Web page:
Inspecting Elixir Dependencies at Runtime for Security

Michael Lubas, 2023-07-05

A common pattern in vulnerability response is that a library has a bad security problem, and you want to check what version is running in production. The syntax of most dependency specification files (including Elixir’s mix.exs) means the exact version running cannot be determined from the file alone. Consider a library where 2.0.3 is not vulnerable, but 2.0.4 is. The project’s mix file has "~> 2.0.0", meaning ">= 2.0.0 and < 2.1.0". The reply to “Are we vulnerable right now?” is an uncomfortable “Maybe, there’s not enough information here”.

Even worse, the security team may decide to search through source code repos (Github, Gitlab, etc) for the relevant library. No matches are found but the vulnerability is present, because it is a sub-dependency of a dependency. While the mix.lock for an Elixir project may be in Github, there is no guarantee that file matches what is running in production.

To find out exactly what version is running, ssh into the relevant server:

% fly ssh console

Then connect to the running Elixir application. If you are using releases:

./bin/release_name remote

See this ElixirForum thread if you are not using releases. Now run the following to list all loaded applications:

iex> Application.loaded_applications() |> Enum.sort_by(&(elem(&1, 0))) |> length()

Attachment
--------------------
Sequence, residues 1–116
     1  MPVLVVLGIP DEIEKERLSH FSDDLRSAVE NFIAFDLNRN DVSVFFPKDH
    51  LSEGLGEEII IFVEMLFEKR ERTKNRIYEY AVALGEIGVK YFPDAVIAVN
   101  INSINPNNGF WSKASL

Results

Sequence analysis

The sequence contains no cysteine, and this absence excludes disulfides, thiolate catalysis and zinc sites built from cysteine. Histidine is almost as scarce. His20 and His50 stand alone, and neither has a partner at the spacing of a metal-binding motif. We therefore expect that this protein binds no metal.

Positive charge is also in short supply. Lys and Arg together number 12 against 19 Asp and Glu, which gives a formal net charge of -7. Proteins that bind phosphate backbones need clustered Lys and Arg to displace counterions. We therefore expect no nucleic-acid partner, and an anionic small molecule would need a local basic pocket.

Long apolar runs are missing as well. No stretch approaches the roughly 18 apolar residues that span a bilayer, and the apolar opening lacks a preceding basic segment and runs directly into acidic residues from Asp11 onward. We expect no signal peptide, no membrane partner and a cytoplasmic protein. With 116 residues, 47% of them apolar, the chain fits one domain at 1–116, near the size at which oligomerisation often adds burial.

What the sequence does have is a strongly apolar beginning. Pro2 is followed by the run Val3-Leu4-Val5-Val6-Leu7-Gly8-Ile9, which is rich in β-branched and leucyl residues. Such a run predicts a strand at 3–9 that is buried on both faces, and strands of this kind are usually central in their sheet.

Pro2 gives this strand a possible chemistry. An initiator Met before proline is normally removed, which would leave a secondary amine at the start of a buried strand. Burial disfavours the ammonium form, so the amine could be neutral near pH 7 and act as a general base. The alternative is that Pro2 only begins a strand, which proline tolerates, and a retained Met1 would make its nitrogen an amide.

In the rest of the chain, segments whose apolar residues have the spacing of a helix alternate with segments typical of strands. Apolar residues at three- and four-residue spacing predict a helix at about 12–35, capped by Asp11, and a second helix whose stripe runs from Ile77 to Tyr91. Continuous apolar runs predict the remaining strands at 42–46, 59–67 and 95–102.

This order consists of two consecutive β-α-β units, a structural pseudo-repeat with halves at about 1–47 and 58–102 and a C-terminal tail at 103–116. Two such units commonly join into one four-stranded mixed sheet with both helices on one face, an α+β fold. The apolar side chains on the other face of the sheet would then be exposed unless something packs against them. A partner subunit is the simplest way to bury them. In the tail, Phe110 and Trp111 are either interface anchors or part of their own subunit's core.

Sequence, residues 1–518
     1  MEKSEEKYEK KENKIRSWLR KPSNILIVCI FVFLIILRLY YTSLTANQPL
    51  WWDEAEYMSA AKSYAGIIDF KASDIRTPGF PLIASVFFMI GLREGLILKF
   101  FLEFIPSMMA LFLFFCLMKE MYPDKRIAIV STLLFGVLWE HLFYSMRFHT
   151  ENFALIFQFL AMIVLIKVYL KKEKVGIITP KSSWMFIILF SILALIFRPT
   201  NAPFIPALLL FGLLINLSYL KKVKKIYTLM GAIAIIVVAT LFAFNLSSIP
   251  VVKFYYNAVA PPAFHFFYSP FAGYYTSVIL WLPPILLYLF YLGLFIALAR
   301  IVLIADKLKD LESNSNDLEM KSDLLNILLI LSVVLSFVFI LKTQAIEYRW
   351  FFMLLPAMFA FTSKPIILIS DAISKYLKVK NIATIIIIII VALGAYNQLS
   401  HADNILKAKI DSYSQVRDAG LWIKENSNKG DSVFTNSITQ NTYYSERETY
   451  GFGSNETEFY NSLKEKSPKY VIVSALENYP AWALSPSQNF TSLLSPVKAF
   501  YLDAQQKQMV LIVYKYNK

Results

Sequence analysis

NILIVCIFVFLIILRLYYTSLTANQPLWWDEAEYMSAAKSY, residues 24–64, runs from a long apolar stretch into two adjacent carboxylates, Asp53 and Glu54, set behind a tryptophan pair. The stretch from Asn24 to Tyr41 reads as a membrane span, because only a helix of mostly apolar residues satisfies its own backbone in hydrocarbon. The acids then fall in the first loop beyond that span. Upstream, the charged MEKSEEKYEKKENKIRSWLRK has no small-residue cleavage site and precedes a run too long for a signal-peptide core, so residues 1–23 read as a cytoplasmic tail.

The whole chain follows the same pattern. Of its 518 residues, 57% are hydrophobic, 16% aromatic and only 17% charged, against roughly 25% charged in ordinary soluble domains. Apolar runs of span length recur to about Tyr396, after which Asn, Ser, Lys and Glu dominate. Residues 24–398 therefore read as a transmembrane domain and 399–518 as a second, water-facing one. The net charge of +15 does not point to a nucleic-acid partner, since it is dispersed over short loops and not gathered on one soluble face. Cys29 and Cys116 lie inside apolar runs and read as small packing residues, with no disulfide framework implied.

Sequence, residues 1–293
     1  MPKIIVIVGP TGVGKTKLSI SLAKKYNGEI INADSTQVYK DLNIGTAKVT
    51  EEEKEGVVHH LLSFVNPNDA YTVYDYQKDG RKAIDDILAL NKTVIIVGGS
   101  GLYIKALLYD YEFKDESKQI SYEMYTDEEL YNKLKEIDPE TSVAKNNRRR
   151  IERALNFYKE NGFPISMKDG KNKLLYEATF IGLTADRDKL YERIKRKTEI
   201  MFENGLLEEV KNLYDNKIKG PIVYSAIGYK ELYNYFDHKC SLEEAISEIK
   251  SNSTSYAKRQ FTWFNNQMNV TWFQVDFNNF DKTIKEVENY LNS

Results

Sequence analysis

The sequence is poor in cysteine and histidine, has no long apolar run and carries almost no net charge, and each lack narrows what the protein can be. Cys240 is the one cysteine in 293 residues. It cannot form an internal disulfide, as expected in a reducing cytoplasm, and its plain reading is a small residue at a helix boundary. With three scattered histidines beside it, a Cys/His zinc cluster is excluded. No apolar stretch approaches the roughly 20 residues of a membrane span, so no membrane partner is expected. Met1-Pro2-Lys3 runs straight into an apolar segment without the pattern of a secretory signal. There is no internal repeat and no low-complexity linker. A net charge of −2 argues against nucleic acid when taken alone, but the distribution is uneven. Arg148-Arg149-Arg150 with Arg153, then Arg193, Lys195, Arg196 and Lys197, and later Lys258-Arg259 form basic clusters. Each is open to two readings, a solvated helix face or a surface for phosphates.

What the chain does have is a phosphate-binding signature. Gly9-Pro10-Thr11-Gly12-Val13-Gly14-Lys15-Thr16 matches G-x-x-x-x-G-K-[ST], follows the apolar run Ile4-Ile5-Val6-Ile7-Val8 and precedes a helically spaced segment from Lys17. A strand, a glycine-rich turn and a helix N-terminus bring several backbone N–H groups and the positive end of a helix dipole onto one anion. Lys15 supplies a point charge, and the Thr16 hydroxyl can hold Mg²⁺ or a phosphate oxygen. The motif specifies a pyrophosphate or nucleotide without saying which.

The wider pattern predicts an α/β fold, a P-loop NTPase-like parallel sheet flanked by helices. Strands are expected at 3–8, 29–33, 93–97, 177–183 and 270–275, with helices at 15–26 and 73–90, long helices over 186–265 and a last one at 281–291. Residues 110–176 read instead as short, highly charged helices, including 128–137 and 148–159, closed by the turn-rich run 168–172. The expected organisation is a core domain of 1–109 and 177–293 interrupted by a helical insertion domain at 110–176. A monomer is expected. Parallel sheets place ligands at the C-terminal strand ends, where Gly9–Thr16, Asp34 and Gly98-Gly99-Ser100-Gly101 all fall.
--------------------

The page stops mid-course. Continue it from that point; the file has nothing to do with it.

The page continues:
{:asn1, 'The Erlang ASN1 compiler version 5.0.19', '5.0.19'},
  {:bcrypt_elixir, 'Bcrypt password hashing algorithm for Elixir', '3.0.1'},
  {:yamerl, 'YAML 1.2 and JSON parser in pure Erlang', '0.10.0'},
   'YAML parser for Elixir based on native Erlang implementation.\n', '2.9.0'}

This line of code does the following:

1. List all loaded applications.

2. Sort by the name of each application.

3. Return the length of the list, which is the total number of applications.

The process described here is useful in emergency situations, however the weaknesses are obvious:

1. A vulnerability is announced on June 2 and the security team decides to check on June 9 if the company is vulnerable. There is no record of exactly what was running in production. The company is not able to construct an accurate timeline of when they were exposed.

2. There is no automatic recording at runtime. Reports can be created showing the output of these commands, but the manual process of putting the data together is tedious, error prone, and should be automated.

Introducing App Audit

App Audit is a new feature in, which solves this problem by automatically recording an audit for the Elixir application at runtime. To use App Audit, simply install in your project:

{:paraxial, "~> 2.5"} -

Configure the agent:

config :paraxial,
  paraxial_api_key: System.get_env("PARAXIAL_API_KEY"),  
  paraxial_url: ""

Then start your application:

mix phx.server

The audit results will be uploaded:

To view the results of past audits, click the “History” tab.

This page displays each audit for the site. App Audit is included with Application Secure. Reach out today to schedule a demo. stops data breaches by securing your Elixir and Phoenix apps. Detect and fix critical security issues today.

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